Waiting to go through a security screening and then being screened is not compensable time under federal wage-hour law, the U.S. Supreme Court decided in a case issued today (December 9).  But don’t expect California courts to interpret California law in the same way.

In an opinion by Justice Clarence Thomas in Integrity Staffing Solutions, Inc. v. Busk, the Court unanimously ruled that when hourly employees waited for and then went through an antitheft security screen at Amazon.com warehouses, they were engaged in “noncompensable postliminary activities” under the federal Portal-to Portal Act because the screenings “were not the ‘principal activity or activities which [the] employee is employed to perform.’”   The ruling reversed a decision by the Ninth Circuit Court of Appeals.
Continue Reading Security Screening Time Need Not Be Paid, SCOTUS Rules – Expect California Law to Differ

On July 9, 2014, a Ninth U.S. Circuit Court of Appeals ruled that California truck drivers are entitled to meal breaks and rest periods under California state law despite federal deregulation of the trucking industry. Prior to the Court of Appeals ruling in Dilts v. Penske Logistics, Inc. (July 9, 2014), several federal judges in

On April 30, 2014, the United States Court of Appeals for the Ninth Circuit reinstated a lawsuit filed by Plaintiff Ronald El-Malik Curtis against the City of Oakland, and several individual city officials on the ground that facially-neutral conduct could support a finding of racial animus sufficient to sustain a hostile work environment claim when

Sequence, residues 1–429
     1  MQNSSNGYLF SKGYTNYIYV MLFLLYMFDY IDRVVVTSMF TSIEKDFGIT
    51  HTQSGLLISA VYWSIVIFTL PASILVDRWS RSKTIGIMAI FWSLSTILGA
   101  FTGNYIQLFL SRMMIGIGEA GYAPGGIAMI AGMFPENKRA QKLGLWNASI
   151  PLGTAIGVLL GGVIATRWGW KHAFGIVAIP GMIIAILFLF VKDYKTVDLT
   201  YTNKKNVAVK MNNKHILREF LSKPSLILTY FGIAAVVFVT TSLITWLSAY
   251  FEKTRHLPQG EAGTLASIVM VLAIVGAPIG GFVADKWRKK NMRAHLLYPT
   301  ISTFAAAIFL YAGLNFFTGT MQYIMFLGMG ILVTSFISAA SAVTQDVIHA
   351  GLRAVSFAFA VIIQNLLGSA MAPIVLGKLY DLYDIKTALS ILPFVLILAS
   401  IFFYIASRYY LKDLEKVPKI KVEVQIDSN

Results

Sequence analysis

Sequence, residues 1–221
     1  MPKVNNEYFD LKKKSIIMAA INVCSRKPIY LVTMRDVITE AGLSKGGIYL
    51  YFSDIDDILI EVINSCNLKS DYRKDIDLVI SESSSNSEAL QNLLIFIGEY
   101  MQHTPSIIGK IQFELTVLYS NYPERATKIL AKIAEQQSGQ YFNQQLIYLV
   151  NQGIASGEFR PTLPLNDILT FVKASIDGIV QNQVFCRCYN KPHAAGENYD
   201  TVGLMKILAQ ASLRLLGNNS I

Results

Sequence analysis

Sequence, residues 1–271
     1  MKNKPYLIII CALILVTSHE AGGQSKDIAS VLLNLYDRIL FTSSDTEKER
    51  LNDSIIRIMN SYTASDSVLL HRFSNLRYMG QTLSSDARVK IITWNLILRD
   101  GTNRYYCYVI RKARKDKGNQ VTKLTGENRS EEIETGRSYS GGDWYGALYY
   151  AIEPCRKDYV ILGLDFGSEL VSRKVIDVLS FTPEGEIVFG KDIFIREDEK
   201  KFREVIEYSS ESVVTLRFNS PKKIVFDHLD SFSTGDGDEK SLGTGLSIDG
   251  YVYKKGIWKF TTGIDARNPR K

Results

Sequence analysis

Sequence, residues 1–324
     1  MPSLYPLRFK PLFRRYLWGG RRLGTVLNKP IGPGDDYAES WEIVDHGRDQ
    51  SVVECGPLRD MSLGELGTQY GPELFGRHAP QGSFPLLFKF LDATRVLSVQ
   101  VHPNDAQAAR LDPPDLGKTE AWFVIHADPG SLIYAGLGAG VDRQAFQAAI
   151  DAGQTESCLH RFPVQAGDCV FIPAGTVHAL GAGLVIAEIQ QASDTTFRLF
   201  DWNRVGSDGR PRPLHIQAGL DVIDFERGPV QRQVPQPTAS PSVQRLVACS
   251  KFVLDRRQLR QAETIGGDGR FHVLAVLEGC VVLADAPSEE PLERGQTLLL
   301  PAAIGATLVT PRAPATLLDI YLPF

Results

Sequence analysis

With increasing frequency, California courts (especially federal district courts) are enforcing binding arbitration agreements between employers and employees.  In Richards v. Ernst & Young, No. 11-17530 (9th Cir. Aug. 21, 2013), the Ninth Circuit recently reversed a denial of the employer’s motion to compel arbitration of the employee’s wage and hour claims.  In so

Ketchikan Drywall Services v. Immigration and Customs Enforcement, No. 11-73105 (9th Cir. Aug. 6, 2013):  Ouch, the U.S. Court of Appeals for the Ninth Circuit upheld $172,000 in penalties against the employer for failing to maintain correctly completed I-9 Forms.  The employer argued that it substantially complied with the law by copying the relevant

The Ninth Circuit has recently requested the California Supreme Court to address the proper method of calculating employee commission payments to determine qualification for California’s commission salesperson exemption set forth in the Industrial Welfare Commission (“IWC”) Wage Order Nos. 4 and 7. An employee generally can qualify for this exemption if: (1) they work for

In a decision that many employers have been waiting for since the Ninth Circuit’s decision certifying a class of approximately 1.5 million women, the U.S. Supreme Court has rejected class action certification in “one of the most expansive class actions ever.” See Wal-Mart Stores v. Dukes, No. 10-277 (June 20, 2011). The case involved allegations of gender discrimination